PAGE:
Kevin Brennan Writes About What It's Like
I watched a terrific movie the other night: 20 Feet From Stardom. It’s about the backup singers who effectively stamped the music of the 60s and 70s with that special, soulful sound. Yes, they were usually black, and they were usually women, and that means they were usually screwed when it came to money. Cryin’ shame, because as artists like Joe Cocker, Rod Stewart, Sting, and, of course, the Rolling Stones knew, you had to have that certain something that only three or four black girls could provide. As Lou Reed put it, “And the colored girls say ‘do-doodoo-doodoo-doodoodoodoo.'”
One of the girl-singer titans of the era was Merry Clayton, and she’s all over the film. In spite of her own solo material, she’s probably best known for her vocal in the Stones’ “Gimme Shelter.” In this clip you can hear the vocal track — just Merry and Mick — isolated from the rest of the tracks. It’ll blow your mind.You can really hear her vocal cords busting blood vessels when it’s just her, soaking in reverb.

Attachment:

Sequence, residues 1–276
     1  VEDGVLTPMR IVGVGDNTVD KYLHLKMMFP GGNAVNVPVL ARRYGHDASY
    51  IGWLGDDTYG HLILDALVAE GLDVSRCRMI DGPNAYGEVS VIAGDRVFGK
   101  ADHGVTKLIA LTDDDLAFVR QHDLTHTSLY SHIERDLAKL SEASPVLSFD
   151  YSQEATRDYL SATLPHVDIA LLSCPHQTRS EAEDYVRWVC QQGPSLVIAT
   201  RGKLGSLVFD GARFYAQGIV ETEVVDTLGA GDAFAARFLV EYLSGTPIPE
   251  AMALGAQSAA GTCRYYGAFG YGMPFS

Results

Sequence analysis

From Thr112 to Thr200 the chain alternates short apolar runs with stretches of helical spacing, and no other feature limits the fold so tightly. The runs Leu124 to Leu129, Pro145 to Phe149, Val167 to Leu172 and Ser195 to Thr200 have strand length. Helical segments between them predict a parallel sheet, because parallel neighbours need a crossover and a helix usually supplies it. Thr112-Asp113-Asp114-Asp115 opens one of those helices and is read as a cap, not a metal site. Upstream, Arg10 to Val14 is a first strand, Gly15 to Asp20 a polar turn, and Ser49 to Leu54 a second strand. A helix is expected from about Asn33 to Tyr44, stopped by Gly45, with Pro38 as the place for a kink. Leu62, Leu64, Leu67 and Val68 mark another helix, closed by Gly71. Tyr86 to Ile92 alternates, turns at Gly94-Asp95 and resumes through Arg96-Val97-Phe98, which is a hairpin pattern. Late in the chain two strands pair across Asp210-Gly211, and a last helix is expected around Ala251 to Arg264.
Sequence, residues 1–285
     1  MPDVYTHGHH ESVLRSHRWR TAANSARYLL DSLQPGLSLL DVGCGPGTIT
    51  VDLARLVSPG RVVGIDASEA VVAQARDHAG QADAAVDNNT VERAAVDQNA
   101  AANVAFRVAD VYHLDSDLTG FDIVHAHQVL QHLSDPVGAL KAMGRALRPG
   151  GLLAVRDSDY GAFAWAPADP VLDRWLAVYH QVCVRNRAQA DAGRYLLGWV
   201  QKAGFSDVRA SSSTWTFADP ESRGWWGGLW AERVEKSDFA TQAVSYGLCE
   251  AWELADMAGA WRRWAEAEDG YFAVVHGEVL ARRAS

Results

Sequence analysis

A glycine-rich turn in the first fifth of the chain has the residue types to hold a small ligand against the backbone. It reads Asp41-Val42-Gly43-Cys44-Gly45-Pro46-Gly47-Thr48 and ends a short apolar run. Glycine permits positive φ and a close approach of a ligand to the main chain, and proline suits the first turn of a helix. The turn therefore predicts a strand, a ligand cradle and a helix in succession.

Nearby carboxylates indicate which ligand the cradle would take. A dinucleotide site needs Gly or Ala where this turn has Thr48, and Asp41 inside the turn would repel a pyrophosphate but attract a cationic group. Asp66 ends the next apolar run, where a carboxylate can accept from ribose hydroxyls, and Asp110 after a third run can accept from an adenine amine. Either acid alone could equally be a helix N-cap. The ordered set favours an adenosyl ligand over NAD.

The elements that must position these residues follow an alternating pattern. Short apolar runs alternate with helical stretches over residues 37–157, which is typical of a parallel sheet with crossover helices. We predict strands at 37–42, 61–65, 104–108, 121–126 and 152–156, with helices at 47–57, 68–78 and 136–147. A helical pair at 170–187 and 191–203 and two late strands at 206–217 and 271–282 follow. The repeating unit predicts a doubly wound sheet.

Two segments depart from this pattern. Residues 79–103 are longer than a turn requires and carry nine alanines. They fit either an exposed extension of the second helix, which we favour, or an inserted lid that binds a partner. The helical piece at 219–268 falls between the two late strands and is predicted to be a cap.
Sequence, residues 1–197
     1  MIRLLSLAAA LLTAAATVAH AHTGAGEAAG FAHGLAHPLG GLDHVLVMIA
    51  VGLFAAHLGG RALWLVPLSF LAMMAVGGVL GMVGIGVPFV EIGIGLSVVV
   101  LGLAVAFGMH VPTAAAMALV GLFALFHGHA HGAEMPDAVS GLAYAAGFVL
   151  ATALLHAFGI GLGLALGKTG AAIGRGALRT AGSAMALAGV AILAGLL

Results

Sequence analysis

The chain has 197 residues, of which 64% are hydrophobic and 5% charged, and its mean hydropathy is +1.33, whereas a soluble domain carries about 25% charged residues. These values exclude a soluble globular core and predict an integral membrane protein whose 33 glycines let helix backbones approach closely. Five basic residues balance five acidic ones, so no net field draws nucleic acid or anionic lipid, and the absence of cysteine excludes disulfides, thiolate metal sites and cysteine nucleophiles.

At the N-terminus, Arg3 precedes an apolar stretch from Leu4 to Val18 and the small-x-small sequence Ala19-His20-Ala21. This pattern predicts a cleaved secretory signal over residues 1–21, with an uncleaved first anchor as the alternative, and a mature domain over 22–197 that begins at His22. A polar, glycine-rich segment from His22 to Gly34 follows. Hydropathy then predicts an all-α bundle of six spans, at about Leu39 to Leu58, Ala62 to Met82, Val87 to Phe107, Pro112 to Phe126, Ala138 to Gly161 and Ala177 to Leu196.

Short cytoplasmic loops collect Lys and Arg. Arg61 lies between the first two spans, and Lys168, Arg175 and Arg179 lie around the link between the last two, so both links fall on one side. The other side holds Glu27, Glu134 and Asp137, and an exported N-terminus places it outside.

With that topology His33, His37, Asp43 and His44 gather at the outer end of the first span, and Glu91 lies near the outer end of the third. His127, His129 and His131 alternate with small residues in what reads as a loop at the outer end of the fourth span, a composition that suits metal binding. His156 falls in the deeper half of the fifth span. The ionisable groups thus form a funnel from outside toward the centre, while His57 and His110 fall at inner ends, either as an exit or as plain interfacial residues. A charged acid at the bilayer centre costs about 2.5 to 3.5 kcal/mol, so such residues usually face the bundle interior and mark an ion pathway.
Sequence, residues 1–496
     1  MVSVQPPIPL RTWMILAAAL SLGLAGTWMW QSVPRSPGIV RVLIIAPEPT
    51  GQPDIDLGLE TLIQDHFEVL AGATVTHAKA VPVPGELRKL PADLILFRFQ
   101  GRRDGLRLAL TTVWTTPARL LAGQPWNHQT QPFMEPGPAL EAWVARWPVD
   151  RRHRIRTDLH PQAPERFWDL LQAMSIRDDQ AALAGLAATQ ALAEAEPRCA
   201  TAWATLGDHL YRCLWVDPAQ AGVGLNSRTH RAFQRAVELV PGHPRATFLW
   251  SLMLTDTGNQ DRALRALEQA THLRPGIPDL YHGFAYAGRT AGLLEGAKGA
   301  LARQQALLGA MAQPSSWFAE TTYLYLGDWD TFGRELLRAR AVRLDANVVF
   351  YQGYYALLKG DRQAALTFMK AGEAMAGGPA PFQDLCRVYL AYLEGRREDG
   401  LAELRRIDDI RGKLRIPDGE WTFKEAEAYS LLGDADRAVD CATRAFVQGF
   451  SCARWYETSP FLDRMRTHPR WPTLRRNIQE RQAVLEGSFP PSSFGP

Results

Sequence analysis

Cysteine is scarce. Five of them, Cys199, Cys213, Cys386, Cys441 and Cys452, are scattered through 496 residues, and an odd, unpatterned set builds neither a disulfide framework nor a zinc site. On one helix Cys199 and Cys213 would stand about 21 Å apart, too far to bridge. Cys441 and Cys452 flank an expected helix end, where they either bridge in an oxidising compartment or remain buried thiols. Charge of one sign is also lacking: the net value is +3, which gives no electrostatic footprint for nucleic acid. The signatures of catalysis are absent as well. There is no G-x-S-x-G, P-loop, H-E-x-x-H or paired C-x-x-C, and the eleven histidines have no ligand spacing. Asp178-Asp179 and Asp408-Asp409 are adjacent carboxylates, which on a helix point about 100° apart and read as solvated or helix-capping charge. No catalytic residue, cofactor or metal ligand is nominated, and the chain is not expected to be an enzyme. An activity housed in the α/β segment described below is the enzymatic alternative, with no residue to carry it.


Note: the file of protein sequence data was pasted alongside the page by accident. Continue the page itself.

I love these isolated tracks you can find on YouTube. I don’t know how the techies do it, but it’s fascinating to hear the details that get buried by layers and layers of sound. The details, and the mistakes. (It’s true!)
For your listening convenience today, in this clip the singing begins in earnest at 55 seconds. Merry’s solo is around 2:45, and the vocals end around 4:13.